These are the top 5 players Parise has played against at evens in each game according to Time on Ice's head to head ice time scripts.   Parise, Patrik Elias, and mostly Petr Sykora has gone up against the other team's top line and a pairing in their top four, if not their top pairing. Those were difficult match-ups and Parise found some measure of success against them either by possession and/or scoring chances.  The most recent game didn't look good in either respect, but Parise wasn't rendered totally ineffective against Nashville's top line and arguably one of the best defensive pairings in the entire league.

In general, Parise is getting plenty of ice time in all situations.  According to NHL.com, he's averaging 21:45 per game, the third highest average on the team. That breaks down to 14:33/game at evens, 2:32/game of shorthanded time, and 4:39/game on the power play.   No one should be surprised that he gets plenty of even strength and power play time. He's one of the team's top attacking forwards.   What's new is his penalty killing role.  He's never averaged more than 53 seconds of shorthanded ice time per game in his career.   Given that he's only been on the ice for 4 shorthanded chances on a team that has surrendered 17 shorthanded situations, I think it's fair to say he's been pretty good.  Peter DeBoer has placed his faith into Parise as an all-situations kind of player, and Parise has proved him right so far.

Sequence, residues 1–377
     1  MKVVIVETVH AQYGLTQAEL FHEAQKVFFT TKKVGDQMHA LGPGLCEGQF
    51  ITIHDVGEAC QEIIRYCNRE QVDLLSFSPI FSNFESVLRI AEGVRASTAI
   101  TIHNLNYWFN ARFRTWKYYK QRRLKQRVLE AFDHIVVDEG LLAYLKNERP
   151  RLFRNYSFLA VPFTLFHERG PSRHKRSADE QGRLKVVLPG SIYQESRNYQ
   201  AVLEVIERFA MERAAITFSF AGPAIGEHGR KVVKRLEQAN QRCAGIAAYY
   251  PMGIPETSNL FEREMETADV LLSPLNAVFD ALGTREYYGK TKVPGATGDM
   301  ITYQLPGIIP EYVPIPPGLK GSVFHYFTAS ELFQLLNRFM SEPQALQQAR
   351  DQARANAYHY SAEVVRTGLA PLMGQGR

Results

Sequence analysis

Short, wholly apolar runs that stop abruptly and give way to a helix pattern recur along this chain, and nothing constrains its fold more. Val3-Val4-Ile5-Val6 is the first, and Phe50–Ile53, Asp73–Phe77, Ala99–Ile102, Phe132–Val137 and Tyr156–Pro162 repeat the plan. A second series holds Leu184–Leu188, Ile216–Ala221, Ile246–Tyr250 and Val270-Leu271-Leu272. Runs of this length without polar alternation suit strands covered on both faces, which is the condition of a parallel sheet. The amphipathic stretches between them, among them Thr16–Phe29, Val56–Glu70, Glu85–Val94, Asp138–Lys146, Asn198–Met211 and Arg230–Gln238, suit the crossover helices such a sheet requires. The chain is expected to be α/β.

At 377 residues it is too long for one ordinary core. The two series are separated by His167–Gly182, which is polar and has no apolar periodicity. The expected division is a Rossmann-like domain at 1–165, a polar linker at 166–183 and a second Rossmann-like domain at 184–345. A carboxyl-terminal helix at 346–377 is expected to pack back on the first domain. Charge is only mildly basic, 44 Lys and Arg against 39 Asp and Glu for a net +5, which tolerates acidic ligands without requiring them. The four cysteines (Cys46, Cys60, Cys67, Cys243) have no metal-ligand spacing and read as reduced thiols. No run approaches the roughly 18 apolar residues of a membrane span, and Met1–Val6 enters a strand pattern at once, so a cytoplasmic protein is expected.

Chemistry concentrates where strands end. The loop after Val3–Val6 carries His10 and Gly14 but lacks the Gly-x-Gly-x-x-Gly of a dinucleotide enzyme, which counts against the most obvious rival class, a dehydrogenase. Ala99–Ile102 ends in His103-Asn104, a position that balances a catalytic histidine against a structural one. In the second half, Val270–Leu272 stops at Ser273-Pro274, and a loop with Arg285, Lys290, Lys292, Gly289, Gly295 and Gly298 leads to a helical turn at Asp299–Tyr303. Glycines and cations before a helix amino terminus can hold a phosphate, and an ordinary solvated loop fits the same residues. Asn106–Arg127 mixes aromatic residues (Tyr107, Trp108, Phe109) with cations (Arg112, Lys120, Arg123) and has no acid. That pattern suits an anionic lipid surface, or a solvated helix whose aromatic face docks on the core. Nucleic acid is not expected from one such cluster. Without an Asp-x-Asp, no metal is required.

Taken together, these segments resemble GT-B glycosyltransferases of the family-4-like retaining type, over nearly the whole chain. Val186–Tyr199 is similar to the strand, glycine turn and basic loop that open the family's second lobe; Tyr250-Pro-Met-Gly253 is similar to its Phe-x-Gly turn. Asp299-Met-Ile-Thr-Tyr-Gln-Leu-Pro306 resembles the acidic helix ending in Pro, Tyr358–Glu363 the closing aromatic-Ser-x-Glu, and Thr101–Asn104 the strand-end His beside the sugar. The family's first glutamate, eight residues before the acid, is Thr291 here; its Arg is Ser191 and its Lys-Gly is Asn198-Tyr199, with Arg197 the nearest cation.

DeBoer has done more than use Parise in all-situations, though.  He's been using him and his linemates in tough spots.  We know his most common competition at evens hasn't been weak, but check out Matthew Ventolo's post on the team's zone starts and finishes.  Parise is below 40% in offensive zone starts at even strength, which means DeBoer is giving him and his line more difficult spots to start their shifts. Let me put it this way: The team's top shooter and a positive possession hasn't regularly enjoyed favorable zone starts so far this season.  That makes Parise's accomplishments so far even more impressive.  For example, his on-ice Corsi is way better than the 4.72 value currently listed at Behind the Net. After adjustment for zone starts, it's 12.27.  That is simply ridiculous.